I first met Claudia Ruiz Massieu, Mexico's secretary of tourism, 11 months ago, when she had been on the job for about seven months. We discussed a surprisingly detailed list of initiatives she was proposing:
• Extending tourism from Cancun and the Riviera Maya to the Mayan and colonial sites in Yucatan, Chiapas, Campeche and Tabasco, beginning with new rail service from the Riviera Maya to Merida, including a stop near the ruins of Chichen Itza.
• Rebranding two Pacific coast destinations in need of a boost -- Puerto Vallarta and Riviera Nayarit -- as "Vallarta Nayarit."
• Facilitating a "tourism cabinet," comprising herself and nine other federal secretaries, chaired by Mexican President Enrique Pena Nieto. The group would convene regularly to identify opportunities to grow tourism in areas of overlapping ministerial responsibility. Tourism would be viewed as a strategic platform to generate jobs and spur economic vitality, not only in established resort centers but in interior towns that are rich in culture but far from beaches.
Her plans were linked philosophically with the policy platform of her political party, PRI. Each initiative emphasized helping raise the standard of living for citizens and strengthening communities, as opposed to underscoring business-friendly aspects.
I felt Ruiz Massieu's plans reflected creativity, ambition and no small degree of boldness. Articles I had read prior to our first meeting had left me with the impression that she did not have much direct experience in tourism or private enterprise but was politically savvy and moved carefully. I was impressed by her understanding of what drives tourism; it seemed she was, in the very best sense, a policy wonk, seeking practical solutions compatible with a political position.
Still, I wondered if the boldness of the plans would create problems. Her reputation for being politically savvy notwithstanding, could this be a case where tactics that look good on paper become difficult to implement in practical terms?
Could the government of a country as diverse and politically charged as Mexico, even with its president's direct involvement, agree on details involving infrastructure that might move the needle for tourism vs. competing cabinet-level priorities? Would touristic ambition withstand government turf wars and bureaucracy?
And would elements within the business community view the benefits of the initiatives as coming at the expense of existing enterprises?
Indeed, challenges surfaced almost immediately. As a group, hoteliers in Cancun and the Riviera Maya opposed the rail line, worried that its proposed port city origin might turn the region into a cruise homeport, filling airplanes with visitors who would simply leave on a cruise, or would spend their port time taking rail-enabled day trips to Chichen Itza. Some wholesalers and hoteliers who did business on the Pacific coast seemed open to the concept of Vallarta Nayarit, but others complained it was "too much to explain."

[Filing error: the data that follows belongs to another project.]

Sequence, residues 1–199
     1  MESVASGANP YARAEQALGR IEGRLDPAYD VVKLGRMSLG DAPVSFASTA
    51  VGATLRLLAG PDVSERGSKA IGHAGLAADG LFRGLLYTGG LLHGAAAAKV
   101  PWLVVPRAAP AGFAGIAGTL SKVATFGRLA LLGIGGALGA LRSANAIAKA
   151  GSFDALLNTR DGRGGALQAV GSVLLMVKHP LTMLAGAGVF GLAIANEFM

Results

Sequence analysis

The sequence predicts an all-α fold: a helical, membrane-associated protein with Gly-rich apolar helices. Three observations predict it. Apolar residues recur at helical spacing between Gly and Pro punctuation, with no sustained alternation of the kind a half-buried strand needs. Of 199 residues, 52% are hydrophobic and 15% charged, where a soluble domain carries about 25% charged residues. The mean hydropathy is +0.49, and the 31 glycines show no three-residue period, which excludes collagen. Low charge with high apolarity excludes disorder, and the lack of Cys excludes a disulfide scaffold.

Mexican presidents are limited to a single six-year term. Whatever plans and dreams they and their cabinets have must be accomplished within that window. Today marks, exactly, the end of the first quarter of the Pena Nieto administration.
Ten days ago, I met with Ruiz Massieu again for an update. This time, she seemed more comfortable, confident and relaxed in her role, and as she reviewed her ministry's recent activity, I began to understand why. She has some significant victories under her belt.
First and foremost, a bottom-line victory: Year-over-year tourism revenue increased 15% in the first trimester of 2014, a period she can justifiably claim as her own. During the 18 months she has been in office, tourism has moved from fifth to fourth place as a contributor to Mexico's economy.
There has also been significant movement toward her policy goals. The president's recently announced five-year, $590 billion infrastructure plan earmarks about $18 billion directly for tourism, and Ruiz Massieu said that, through the tourism cabinet, she had found areas of additional common ground with other secretaries.
For example, colonial cities will be among the first in which utility lines will be moved underground, which will both modernize and beautify historical sites. Linkage was also established between the need for medical care for citizens and the importance of medical facilities for tourists.
The tourism cabinet also reviewed and swiftly changed aspects of passenger flow through airports with an eye to minimizing the time passengers spend in arrivals hall. In the past, all incoming luggage was X-rayed. Then passengers were asked to press a button that, if randomly showing red rather than green, would lead to further screening.
Today, instead of X-raying all incoming luggage and then having passengers press the button, only those whose button-pushing triggers a red light will need to have their bags X-rayed.
She said she is also working with other ministers to eliminate the roadblocks that prevent customs pre-clearance for American citizens leaving Mexico.
The origin of the rail line was moved to Cancun, and all the details of the project have now been finalized and approved, she said.
And the Vallarta Nayarit campaign proved doubters wrong, resulting in the addition of more than 100,000 air seats into the region since the ads began. The jump in visitors there in the first quarter of 2014 increased tourism spend by $40 million.
In short order, Ruiz Massieu appears to be living up to her advance billing as a politically savvy minister.
Careful too, perhaps, but apparently keenly aware that the clock is ticking.
Stay tuned as the second quarter of her term begins.
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